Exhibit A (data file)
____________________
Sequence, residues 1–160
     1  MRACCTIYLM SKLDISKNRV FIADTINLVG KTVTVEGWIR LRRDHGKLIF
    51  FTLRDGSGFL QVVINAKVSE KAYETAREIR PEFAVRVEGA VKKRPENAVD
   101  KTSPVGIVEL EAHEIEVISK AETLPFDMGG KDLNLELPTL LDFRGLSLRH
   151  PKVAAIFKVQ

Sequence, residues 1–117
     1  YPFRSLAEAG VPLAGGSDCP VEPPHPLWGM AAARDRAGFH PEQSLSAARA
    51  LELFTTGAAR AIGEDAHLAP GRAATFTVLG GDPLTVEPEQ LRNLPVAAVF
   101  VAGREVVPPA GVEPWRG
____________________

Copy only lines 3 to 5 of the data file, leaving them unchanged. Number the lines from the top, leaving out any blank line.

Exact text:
    51  FTLRDGSGFL QVVINAKVSE KAYETAREIR PEFAVRVEGA VKKRPENAVD
   101  KTSPVGIVEL EAHEIEVISK AETLPFDMGG KDLNLELPTL LDFRGLSLRH
   151  PKVAAIFKVQ